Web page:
Today we’re doing something a bit different; I wanted to walk you all through the experiments I did while I was working on last year’s Christmas Tree Body Wash as The Tale of the Curdling Body Wash. It was a really interesting puzzle that I worked at for quite a while—I managed to isolate the trigger, but I still don’t know exactly what is going on, so my only solution for avoiding the curdling is avoiding the trigger. I thought I’d share my process and my results, and maybe we can crowd source a better answer!
This story starts last autumn as I was wrapping up my Formula Botanica course work. I developed a simple body wash using Caprylyl/Capryl Glucoside and Cocamidopropyl Betaine. I wanted to increase the lather, and I remembered reading somewhere that Hydroxyethylcellulose could help with that, so I swapped the xanthan gum I had been using for some Hydroxyethylcellulose (HEC). Magic! Not only was the consistency of the body wash dramatically improved, but the lather became absa-freaking-loutely amazing. Swoon. I made a few versions (different scents and different colours), bottled ’em up, and headed off to Europe.
Here was the formula at that point:
70.50% Distilled water
12.00% Caprylyl/Capryl Glucoside
6.00% Cocamidopropyl Betaine
0.50% Liquid germall plus
1.00% fragrance or essential oil
Process: Whisk together HEC and glycerin. Add water, surfactants, and colourants, stir gently. Heat in a water bath, gently stirring relatively frequently (~once every 2–3 minutes) until thickened. Remove from heat, stir occasionally until cool, stir in cool down ingredients.
Once I got home I needed to wrap up my Christmas series, and I’d planned a Christmas Tree Body Wash. My experiments from earlier in the fall were looking great and seemed like the obvious choice for the base for the Christmas Tree Body Wash. So, I whipped up two versions: one with an essential oil blend, and one with a fragrance oil, as I’d been doing for many of the Christmas Tree series. Everything seemed to go swimmingly until I went back to the bottled body wash after twenty minutes or so… and they had both separated. There was a thin, watery liquid floating on top and a blob of gelatinous goo at the bottom. What on earth? The original samples from my coursework were still stable—crystal clear, silky smooth, and definitely not separating curdled disasters.
This was roughly the formula at this point:
70.40% Distilled water
12.00% Caprylyl/Capryl Glucoside
6.00% Cocamidopropyl Betaine
0.10% lake dyes (blue + yellow = green)
0.50% Liquid germall plus
1.00% fragrance or essential oil (essential oil version was fir balsam + peru balsam, fragrance oil was balsam cedar fragrance oil)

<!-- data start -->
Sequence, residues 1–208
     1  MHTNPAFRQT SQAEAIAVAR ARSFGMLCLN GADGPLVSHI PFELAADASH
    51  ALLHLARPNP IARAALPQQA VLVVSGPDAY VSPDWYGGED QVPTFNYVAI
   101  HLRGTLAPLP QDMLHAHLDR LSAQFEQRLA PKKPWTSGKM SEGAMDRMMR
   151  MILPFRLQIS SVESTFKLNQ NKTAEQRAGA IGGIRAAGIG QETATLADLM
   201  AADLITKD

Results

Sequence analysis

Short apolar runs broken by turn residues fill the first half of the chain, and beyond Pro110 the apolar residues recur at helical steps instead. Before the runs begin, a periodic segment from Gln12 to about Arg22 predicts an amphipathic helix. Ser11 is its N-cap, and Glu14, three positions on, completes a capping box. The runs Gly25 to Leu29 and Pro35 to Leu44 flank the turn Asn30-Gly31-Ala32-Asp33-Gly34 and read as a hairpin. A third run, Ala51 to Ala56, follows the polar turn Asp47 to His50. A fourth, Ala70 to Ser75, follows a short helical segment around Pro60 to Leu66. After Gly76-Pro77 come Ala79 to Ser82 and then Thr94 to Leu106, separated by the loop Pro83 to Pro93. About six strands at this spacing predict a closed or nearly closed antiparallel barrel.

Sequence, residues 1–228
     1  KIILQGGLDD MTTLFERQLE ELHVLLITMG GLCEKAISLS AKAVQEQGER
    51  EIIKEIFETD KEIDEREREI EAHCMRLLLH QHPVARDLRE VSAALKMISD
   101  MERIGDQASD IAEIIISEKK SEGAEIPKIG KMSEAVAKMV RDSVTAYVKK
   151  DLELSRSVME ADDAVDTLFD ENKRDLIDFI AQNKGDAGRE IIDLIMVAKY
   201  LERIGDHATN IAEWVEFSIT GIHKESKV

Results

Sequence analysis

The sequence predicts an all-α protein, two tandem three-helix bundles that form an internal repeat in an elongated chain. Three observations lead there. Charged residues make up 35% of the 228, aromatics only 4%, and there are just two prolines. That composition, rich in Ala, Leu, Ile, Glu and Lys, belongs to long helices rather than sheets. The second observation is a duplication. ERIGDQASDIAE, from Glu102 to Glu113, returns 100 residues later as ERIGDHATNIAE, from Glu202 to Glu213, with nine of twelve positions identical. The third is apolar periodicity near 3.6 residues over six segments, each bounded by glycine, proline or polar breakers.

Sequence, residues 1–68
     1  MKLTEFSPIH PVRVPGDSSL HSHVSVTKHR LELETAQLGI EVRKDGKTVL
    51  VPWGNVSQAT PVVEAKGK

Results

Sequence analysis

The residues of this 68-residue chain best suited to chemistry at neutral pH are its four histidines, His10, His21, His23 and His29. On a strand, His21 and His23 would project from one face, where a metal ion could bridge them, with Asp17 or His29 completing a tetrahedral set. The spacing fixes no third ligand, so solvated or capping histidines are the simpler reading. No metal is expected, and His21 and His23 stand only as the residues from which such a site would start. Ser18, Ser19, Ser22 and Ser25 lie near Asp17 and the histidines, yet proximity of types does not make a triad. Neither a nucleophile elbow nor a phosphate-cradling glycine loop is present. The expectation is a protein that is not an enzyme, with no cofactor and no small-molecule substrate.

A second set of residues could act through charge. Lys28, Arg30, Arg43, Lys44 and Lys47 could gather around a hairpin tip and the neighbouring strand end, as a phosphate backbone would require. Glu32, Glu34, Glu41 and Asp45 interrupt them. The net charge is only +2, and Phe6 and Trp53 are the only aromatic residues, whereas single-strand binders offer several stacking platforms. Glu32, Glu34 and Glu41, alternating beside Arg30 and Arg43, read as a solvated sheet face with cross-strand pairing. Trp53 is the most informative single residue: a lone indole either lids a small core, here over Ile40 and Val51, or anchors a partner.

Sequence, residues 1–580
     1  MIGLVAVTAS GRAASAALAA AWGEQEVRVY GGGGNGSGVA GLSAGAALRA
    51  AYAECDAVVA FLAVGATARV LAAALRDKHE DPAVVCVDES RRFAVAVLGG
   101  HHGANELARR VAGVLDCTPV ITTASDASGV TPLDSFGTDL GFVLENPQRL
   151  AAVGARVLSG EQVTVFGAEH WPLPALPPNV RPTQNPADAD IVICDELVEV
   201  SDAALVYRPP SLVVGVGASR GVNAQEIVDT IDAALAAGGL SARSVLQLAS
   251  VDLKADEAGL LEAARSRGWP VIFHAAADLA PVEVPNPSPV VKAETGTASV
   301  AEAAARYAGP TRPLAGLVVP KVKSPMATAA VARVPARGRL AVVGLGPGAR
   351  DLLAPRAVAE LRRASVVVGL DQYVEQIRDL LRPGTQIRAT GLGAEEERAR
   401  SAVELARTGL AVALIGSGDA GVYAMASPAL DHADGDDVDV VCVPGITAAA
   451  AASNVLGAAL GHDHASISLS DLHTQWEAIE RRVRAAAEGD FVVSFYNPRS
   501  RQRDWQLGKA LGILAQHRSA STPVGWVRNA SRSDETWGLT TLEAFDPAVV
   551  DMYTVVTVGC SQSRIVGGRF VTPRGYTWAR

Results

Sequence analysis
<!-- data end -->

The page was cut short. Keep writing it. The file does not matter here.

Thinking it might be my process I tried many different ways of mixing up the solution—cold hydrating the HEC, warm hydrating, hydrating without stirring, hydrating with constant stirring, cold mixing everything with five constant hours of stirring (thanks, KitchenAid stand mixer). No dice.
Up next was isolating ingredients, making the gel adding one ingredient at a time, stirring, and waiting between additions. The fragrance/essential oil quickly outed itself as the problem. I tried many different fragrances and essential oils, noted what happened, and cross-referenced the chemical components (click here to learn how to do that) to find the common element between all the fragrances and essential oils in the experiments that split. It was benzyl benzoate. Once I had a hypothesis I tested it, intentionally choosing fragrances and essential oils that did or didn’t contain benzyl benzoate and adding them to small samples of the unscented body wash. The scents I used that didn’t contain it were “black salt & cypress” fragrance oil, fir needle essential oil, and “citrus mist” fragrance oil. Boom. The hypothesis held.
So, at this point I know what is causing the curdling, but I still have no idea why. I decided to broaden the experiment. I tried a slightly different version using an anionic liquid surfactant (Sodium Laureth Sulfate, pH 7.5) instead of a non-ionic liquid surfactant (the Caprylyl/Capryl Glucoside), adjusting the amount of surfactant and water to keep the active surfactant matter the same. Hydroxyethylcellulose is non-ionic, so its charge shouldn’t be a factor, but who knows!
54.70% Distilled water
27.70% Sodium Laureth Sulfate
6.00% Cocamidopropyl Betaine
0.10% lake dyes (blue + yellow)
0.50% Liquid germall plus
1.00% fragrance or essential oil
This experiment split/curled before adding any fragrance or essential oil, so in this one it’s the Sodium Laureth Sulfate that’s the problem. That’s… weird. Maybe the charge of the surfactant is part of it? I did more experiments.
I made a batch of the first body wash, but without the primary surfactant (the Caprylyl/Capryl Glucoside).